U.S. Code of Federal Regulations
Regulations most recently checked for updates: Jun 07, 2023
(a) Meal charges. An employer may charge workers up to $14.00 per day for providing them with three meals. The maximum charge allowed by this paragraph (a) will be changed annually by the same percentage as the 12-month percentage change for the Consumer Price Index for all Urban Consumers for Food between December of the year just concluded and December of the year prior to that. The annual adjustments will be effective on the date of their publication by the OFLC Administrator in the
(b) Petitions for higher meal charges. The employer may file a petition with the CO to request approval to charge more than the applicable amount set under paragraph (a) of this section.
(1) Filing a higher meal charge request. To request approval to charge more than the applicable amount set under paragraph (a) of this section, the employer must submit the documentation required by either paragraph (b)(1)(i) or (ii) of this section. A higher meal charge request will be denied, in whole or in part, if the employer's documentation does not justify the higher meal charge requested.
(i) Meals prepared directly by the employer. Documentation submitted must include only the cost of goods and services directly related to the preparation and serving of meals, the number of workers fed, the number of meals served, and the number of days meals were provided. The cost of the following items may be included in the employer's charge to workers for providing prepared meals: food; kitchen supplies other than food, such as lunch bags and soap; labor costs that have a direct relation to food service operations, such as wages of cooks and dining hall supervisors; fuel, water, electricity, and other utilities used for the food service operation; and other costs directly related to the food service operation. Charges for transportation, depreciation, overhead, and similar charges may not be included. Receipts and other cost records for a representative pay period must be retained and must be available for inspection for a period of 3 years.
(ii) Meals provided through a third party. Documentation submitted must identify each third party that the employer will engage to prepare meals, describe how the employer will fulfill its obligation to provide three meals per day to workers through its agreement with the third party, and document the third party's charge(s) to the employer for the meals to be provided. Neither the third party's charge(s) to the employer nor the employer's meal charge to workers may include a profit, kick back, or other direct or indirect benefit to the employer, a person affiliated with the employer, or to another person for the employer's benefit. Receipts and other cost records documenting payments made to the third party that prepared the meals and meal charge deductions from employee pay must be retained for the period provided in § 655.167(b) and must be available for inspection by the CO and WHD during an investigation.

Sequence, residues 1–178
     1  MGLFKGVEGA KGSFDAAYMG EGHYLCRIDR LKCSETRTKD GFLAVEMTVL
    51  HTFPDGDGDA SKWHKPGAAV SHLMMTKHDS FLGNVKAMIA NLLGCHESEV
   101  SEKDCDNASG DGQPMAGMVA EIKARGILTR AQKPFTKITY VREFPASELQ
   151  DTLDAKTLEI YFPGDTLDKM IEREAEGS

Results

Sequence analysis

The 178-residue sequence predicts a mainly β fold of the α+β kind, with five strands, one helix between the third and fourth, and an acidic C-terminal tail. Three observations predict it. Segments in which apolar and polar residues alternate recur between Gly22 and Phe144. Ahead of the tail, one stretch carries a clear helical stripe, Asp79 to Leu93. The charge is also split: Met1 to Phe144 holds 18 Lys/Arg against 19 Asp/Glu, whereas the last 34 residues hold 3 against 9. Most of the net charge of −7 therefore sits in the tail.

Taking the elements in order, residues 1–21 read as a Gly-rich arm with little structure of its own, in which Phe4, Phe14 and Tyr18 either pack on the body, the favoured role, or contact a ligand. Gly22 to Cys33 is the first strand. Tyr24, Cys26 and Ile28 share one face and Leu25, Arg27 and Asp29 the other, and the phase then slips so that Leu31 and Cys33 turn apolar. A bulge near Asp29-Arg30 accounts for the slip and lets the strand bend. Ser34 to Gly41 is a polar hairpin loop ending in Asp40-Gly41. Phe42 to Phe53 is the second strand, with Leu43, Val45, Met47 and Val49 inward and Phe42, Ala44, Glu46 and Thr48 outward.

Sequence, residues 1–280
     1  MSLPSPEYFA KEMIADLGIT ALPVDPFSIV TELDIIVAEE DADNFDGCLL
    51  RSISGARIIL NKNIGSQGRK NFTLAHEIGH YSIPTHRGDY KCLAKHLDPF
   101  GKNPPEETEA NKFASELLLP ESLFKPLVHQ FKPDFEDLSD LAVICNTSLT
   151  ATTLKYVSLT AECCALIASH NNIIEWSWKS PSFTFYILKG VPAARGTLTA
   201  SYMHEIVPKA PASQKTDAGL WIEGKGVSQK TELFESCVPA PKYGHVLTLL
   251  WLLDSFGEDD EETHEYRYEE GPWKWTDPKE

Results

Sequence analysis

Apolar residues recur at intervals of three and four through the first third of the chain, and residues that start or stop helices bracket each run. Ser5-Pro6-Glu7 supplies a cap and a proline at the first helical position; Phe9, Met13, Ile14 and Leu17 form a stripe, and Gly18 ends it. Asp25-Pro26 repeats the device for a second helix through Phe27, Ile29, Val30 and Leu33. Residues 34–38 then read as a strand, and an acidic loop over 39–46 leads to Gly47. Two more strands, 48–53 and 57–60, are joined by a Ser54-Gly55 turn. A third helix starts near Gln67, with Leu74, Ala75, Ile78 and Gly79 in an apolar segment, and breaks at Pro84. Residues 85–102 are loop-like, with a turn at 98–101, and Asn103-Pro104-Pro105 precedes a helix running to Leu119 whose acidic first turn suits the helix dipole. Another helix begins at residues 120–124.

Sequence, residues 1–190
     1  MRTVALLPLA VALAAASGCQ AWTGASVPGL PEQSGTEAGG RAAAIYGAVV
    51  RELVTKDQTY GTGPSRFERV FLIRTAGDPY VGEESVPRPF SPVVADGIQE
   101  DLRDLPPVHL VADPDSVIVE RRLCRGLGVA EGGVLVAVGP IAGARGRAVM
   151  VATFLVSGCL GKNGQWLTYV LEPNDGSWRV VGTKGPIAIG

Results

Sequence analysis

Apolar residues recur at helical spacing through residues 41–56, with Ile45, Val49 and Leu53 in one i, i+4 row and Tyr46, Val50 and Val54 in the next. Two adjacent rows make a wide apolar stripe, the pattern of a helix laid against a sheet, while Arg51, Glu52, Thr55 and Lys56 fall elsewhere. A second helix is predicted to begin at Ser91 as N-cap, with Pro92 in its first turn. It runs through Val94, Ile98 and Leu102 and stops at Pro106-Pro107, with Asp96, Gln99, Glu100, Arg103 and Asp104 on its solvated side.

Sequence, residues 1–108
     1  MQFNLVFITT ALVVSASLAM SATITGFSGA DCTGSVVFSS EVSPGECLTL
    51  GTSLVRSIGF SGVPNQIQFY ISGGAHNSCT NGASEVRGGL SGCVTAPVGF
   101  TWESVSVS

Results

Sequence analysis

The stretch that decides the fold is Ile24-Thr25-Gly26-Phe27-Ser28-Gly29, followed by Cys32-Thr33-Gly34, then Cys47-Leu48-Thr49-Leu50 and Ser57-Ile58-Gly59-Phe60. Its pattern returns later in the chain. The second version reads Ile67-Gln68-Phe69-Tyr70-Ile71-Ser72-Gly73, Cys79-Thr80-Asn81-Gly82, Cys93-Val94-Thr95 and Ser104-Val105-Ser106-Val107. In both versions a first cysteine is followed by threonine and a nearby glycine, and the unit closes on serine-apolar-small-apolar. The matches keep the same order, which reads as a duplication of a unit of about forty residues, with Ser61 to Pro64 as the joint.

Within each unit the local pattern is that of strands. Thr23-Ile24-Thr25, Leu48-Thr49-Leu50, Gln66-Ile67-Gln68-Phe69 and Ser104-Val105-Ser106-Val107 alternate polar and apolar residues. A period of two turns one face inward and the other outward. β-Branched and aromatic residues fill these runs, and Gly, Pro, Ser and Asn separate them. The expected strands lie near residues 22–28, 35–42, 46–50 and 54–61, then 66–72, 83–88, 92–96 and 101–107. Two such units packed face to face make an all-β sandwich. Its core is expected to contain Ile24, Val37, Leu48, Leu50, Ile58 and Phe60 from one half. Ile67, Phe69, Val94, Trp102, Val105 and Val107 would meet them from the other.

(2) Effective date and scope of validity of a higher meal charge approval. The employer may begin charging the higher rate upon receipt of approval from the CO, unless the CO sets a later effective date in the decision, and after disclosing to workers any change in the meal charge or deduction. A favorable decision from the CO is valid only for the meal provision arrangement documented under paragraph (b)(1) of this section and the approved higher meal charge amount. If the approved meal provision arrangement changes, the employer may charge no more than the maximum permitted under paragraph (a) of this section until a new petition for a higher meal charge based on the new arrangement is approved.
(3) Appeal rights. In the event the employer's petition for a higher meal charge is denied in whole or in part, the employer may appeal the denial. Appeals will be filed with the Chief ALJ, pursuant to § 655.171.